A Virtual Tour of Notre Dame Football Road Games in 2017

The 2017 season for Brian Kelly and the Notre Dame football program will be an important rebounding campaign after the team posted a 4-8 record a season ago. However, this season will feature an intriguing quirk: for the first time since 2008, Notre Dame will play seven games at home, forgoing the annual Shamrock Series game played at a neutral site.

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A New Era of IU Basketball

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Can Archie Miller translate his success at Dayton to doing the same at Indiana?

With Indiana firing head men’s basketball coach Tom Crean after nine seasons with the Hoosiers, it is clear that a new voice is needed to guide the team in a new direction. His 166-135 record at Indiana is not necessarily a bad tally, but a historic program accustomed to winning expects more than four NCAA Tournament appearances in that span.

As Archie Miller arrives from Dayton to take the reins, will he be able to lead Indiana back to its winning ways? His history at Dayton says he can, and fans in Bloomington will look forward to next season when a new face is leading the Hoosiers onto the court at Assembly Hall next winter.

A Review of Indiana’s 2016 Elections

The 2016 election cycle featured many unexpected, as well as some unprecedented, results. Among these was the election of Donald Trump as the 45th President of the United States, but an especially surprising upshot of the election was the overwhelming success of Republicans elected to the national legislature and that of their home states, especially here in Indiana.

Check out the infographic for a closer look at this and other outcomes from the election in the Hoosier State, including voter turnout and more.

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The infographic features some interesting details about the state of Indiana’s politics after the 2016 elections.

CDC Report: America’s 10 Cities Dealing with a Drinking Problem


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CDC report highlights America’s 10 “drunkest” cities (Map by Juan Jose Rodriguez)

In 2014, Men’s Health magazine published a story using a study from the Centers for Disease Control which ranked U.S. cities on various results of excess alcohol consumption, including liver disease and DUI arrests. The top 10 cities are shown in an interactive map, which can be found here.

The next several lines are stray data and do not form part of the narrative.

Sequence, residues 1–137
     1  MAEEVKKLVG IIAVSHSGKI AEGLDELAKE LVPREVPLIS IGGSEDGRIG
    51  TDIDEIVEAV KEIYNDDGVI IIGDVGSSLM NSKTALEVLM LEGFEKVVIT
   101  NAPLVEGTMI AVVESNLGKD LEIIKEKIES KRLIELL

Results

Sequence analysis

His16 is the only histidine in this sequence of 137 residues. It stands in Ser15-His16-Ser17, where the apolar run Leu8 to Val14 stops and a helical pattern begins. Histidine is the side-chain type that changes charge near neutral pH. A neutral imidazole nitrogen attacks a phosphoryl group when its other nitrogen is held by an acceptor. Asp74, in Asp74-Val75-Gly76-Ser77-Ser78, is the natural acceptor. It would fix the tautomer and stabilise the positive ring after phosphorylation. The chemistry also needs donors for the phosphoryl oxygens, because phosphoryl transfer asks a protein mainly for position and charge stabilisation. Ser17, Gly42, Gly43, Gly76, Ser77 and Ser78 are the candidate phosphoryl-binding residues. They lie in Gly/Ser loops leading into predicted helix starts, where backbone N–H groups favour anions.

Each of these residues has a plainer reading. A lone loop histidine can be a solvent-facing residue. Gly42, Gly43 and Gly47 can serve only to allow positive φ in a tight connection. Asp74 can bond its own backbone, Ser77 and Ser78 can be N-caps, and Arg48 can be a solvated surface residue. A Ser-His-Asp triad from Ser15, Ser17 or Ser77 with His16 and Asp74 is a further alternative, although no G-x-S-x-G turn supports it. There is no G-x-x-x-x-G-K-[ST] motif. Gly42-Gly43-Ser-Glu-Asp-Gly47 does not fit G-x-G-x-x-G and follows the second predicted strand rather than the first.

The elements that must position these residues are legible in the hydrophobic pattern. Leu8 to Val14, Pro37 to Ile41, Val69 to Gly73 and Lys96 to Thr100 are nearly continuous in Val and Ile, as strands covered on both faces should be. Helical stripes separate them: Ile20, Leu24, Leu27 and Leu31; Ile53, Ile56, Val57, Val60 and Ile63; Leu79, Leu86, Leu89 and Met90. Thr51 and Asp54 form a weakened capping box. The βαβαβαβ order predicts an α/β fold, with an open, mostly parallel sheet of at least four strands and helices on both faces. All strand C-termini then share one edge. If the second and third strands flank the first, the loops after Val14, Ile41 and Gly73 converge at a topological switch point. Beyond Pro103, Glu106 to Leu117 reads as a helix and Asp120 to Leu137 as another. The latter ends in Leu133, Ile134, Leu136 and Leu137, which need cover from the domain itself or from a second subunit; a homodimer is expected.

From Far and Wide: Mapping the hometowns of the semifinalist boxers in Notre Dame’s Bengal Bouts

The 87th Annual Bengal Bouts tournament, hosted by University of Notre Dame Club Boxing, has progressed into the semifinals, which will take place Monday, Feb. 27, at 7 p.m. inside the Joyce Center. The Finals are set for Friday, March 3, at 7 p.m. at Purcell Pavilion.

Nearly 200 young men across nine different weight classes have come together for Bengal Bouts, the second half of a unique Notre Dame tradition. Every dollar of the proceeds from the tournament is sent to missions in Bangladesh run by the Congregation of Holy Cross, the order which runs the University. During the fall semester, the women’s boxing club competed in Baraka Bouts, a tournament of similar format, in which the proceeds went to Holy Cross missions in East Africa.

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MLB experiencing continued rise in 100 mph-plus pitches


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In the last six seasons, the number of pitches thrown 100 mph or faster has increased every year.

One of the most dangerous weapons for a pitcher is a power fastball that can simply overpower opposing hitters. The league average for fastball speed tends to sit between 95 and 96 mph, and any pitcher who even occasionally can reach 97 or 98 mph  is considered among the best of the group.

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Trending: Trudeau’s tweet to refugees; Tragedy still fresh in SC

By Juan Jose Rodriguez

Search traffic for Canada PM Trudeau rising after Trump’s Muslim ban

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Searches for Canadian Prime Minister Justin Trudeau spiked as a result of President Trump’s executive order on immigration.

In the wake of President Donald Trump’s executive actions halting immigration into the United States from seven predominantly-Muslim nations, Canadian Prime Minister Justin Trudeau has been outspoken in his message welcoming refugees and others being turned away by the Trump administration.

The leader of the United States’ northern neighbor took to Twitter to offer hope to the men, women, and children whose religious beliefs stand in the way of their entrance into the United States. Continue reading

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Gov. Pat Quinn talks about MAP grants at DePaul University. (Photo by Josclynn Brandon)

Editor’s note: This story was originally posted on Dec. 12, 2012 and is housed at RedLineProject.org

By Bob Smith

Gov. Pat Quinn visited DePaul University’s Loop campus on Wednesday to discuss how pension reform is harming the Monetary Award Program (MAP) college scholarships and access to higher education in Illinois.

“This is so important to our state, not only in the past, but certainly now and in the future,” Quinn said. “We want everyone to have the opportunity to go to college that has the ability to go to college.”

MAP grants are need-based college scholarships that allow merit students who are in need across the state and do not need to be repaid by the student. Quinn said that due to cutbacks and having to pay more money in the pension amount, almost 18,000 students lost their MAP grant scholarships this year.

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